fostering the humanistic practice of medicine publishing personal accounts of illness and healing encouraging health care advocacy

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fostering the humanistic practice of medicine publishing personal accounts of illness and healing encouraging health care advocacy

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August 2009


Lisa deMauro

My big sister Chris, 55, had recently returned to her first career, nursing, when she wrenched her back one day while helping to lift a patient. After weeks of physical therapy proved unhelpful, her internist ordered some tests, which indicated that her back injury might signal something more sinister. She’d had a lumpectomy for a “stage 0” breast cancer five years earlier, and her doctor advised her to make an appointment with the newly appointed head of a brand-new cancer center nearby.

Chris and I were nine years apart–a difference that precluded any sisterly rivalry–and we’d always been very close. She’d occupied a central role in my life: first, as a playful second mother to me, then as my ideal of teenage glamour, and finally as a friend with whom I shared confidences about the joys and sorrows of grown-up life. When it became clear that she might be getting bad news, I needed to be with her, just as my parents did.

The three of us converged on the Pennsylvania town where Chris was living. We met her in the hospital lobby, hugged each other for long moments, then headed off together to meet with the » Continue Reading.

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Looking for Respect

Ashrei Bayewitz

This may sound strange, but I secretly looked forward to my colonoscopy.

I was excited to see the people in the colonoscopy suite–the receptionists, the nurses and my doctor. I knew that they would like me, because I would be brave and respectful. That’s what’s always happened since I was diagnosed with Crohn’s Disease ten years ago. During my multiple colonoscopies and countless doctor visits and other outpatient procedures, I invariably build up a rapport with someone, be it a doctor, nurse or staff member. I’ve always been a good patient, and now that I’m a second-year medical student as well, I can understand their work a little better. I expect them to sense my goodwill and to treat me in turn with respect and caring.

This appointment got off to a good start: The woman who registered me seemed nice and appreciated my interest in the pictures decorating her cubicle wall. And I wasn’t just being polite–I really did like those black-and-white photos of old TV and film stars. She even had The Honeymooners up there! I also got along well with the first nurse–we shared a laugh about the trouble I’d had finding a quarter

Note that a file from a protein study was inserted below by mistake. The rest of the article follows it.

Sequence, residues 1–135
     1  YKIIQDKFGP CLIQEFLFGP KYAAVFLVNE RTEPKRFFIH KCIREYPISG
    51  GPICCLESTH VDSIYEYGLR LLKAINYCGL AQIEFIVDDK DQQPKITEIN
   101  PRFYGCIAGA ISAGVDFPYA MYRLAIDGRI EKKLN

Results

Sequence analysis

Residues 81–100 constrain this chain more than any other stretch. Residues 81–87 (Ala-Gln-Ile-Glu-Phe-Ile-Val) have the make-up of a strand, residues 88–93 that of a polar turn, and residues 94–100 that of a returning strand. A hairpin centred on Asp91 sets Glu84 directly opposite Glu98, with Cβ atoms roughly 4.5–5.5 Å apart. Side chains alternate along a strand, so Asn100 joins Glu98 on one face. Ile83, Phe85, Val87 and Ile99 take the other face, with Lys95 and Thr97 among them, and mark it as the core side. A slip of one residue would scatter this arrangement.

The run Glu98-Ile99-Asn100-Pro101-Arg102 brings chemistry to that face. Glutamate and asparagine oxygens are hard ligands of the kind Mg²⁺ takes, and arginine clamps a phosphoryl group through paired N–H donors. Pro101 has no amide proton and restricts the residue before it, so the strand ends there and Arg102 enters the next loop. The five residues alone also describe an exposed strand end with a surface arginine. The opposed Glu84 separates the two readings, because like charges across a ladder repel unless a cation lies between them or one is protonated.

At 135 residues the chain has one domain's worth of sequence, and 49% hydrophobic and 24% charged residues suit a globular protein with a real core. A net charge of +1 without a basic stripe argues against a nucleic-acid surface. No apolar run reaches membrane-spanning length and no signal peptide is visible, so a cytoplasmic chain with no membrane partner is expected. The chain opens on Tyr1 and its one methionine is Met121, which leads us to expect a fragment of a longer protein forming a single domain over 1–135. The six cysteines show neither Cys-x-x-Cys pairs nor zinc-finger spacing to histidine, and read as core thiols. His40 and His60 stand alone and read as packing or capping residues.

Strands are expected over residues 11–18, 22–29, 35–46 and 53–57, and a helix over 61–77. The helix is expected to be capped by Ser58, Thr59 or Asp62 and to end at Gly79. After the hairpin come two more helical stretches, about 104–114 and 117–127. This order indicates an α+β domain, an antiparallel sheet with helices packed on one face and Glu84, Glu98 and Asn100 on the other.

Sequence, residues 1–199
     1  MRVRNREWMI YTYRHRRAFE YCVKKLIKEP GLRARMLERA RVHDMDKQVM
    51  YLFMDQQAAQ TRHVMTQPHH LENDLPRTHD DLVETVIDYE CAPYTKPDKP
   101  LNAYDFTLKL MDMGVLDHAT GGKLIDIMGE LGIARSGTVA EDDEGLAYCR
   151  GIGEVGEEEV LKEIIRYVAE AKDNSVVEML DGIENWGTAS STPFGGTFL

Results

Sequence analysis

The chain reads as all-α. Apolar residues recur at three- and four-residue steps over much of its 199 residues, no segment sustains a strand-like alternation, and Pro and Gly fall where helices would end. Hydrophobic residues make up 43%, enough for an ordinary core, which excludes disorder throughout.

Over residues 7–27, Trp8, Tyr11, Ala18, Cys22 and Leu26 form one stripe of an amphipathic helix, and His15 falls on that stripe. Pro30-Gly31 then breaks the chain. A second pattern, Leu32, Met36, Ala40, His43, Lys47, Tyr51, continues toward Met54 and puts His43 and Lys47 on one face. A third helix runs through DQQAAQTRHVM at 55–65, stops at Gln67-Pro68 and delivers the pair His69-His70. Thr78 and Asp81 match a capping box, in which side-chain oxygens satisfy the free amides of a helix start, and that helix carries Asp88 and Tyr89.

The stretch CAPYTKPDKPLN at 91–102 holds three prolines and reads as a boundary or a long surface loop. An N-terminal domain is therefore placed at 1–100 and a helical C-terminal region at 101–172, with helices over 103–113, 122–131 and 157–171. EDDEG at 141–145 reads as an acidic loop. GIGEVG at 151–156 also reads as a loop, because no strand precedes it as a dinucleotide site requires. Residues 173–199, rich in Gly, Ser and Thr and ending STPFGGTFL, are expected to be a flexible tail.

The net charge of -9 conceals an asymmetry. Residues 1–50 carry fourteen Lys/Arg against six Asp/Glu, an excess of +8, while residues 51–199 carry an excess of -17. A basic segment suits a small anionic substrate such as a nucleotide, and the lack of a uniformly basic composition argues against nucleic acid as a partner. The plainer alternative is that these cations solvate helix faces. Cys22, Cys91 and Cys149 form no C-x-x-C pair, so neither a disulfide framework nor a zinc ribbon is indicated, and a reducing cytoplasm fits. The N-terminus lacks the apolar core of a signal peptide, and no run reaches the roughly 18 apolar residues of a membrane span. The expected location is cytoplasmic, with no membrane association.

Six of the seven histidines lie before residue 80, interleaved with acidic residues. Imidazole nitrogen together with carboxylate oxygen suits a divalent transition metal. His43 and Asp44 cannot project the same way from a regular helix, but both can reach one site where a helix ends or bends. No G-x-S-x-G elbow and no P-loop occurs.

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Johnny Doe

Policemen pose like plastic toy soldiers,

point rifle barrels in every direction,
ghetto bird’s spotlight glints off helmets.
Ambulance allowed across yellow tape,
diesel engine grinds up the sharp grade.
In no moon you glow fish white belly up,
streetlamp casts mottled shadows,
your blood a preschool finger painting
smeared on sidewalk.
I am ordered to shear off your slick, soaked
jeans, to smash your chest, beat your heart
for you. Your arms extend savior-like,
needles are pounded into veins,
translucent bags held skyward
like offerings to a life-giving deity,
clear liquid bleeds in, your blood pours out,
three bullet holes versus six-minute
trip to emergency room. How old are you?
I think about my son asleep at home.
I wonder if your mother’s at work.
I breathe deep, drive fast,
make the siren a prayer
too loud for your God to ignore.

About the poet:

An emergency medical technician for twelve years, Yvonne Estrada currently works as an ambulance driver for the Los Angeles County Emergency Medical Services Authority. “I have always written poems, and my

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Jo Marie Reilly

As I teach first- and second-year medical students to take patient histories and to perform physical examinations, I always feel humbled and privileged–energized by their compassion, enthusiasm and facile, curious minds.

Occasionally, I feel particularly challenged–especially when I’m teaching a student who, though bright, is struggling to acquire some of medicine’s basic skills. As we journey up the learning curve together, my responsibilities can conflict: as a teacher, I want to nurture an aspiring student physician, yet as a physician, I must ensure that patients receive appropriate care.

Now, sitting quietly in the corner of the room and watching a young medical student interview a county hospital psychiatric patient, I begin to feel this tension.

“What brought you into the hospital?” the student queries nervously.

Small and reserved, she’s quite a contrast to her patient–a burly, imposing middle-aged man, his body splattered with tattoos of birds of prey and firearms. He folds his arms tightly across his chest, and a large cross sparkles on his neck chain.

“It’s when I tried to commit suicide on the bridge,” he responds agitatedly.

There is a long, awkward pause. “So…what medication did you

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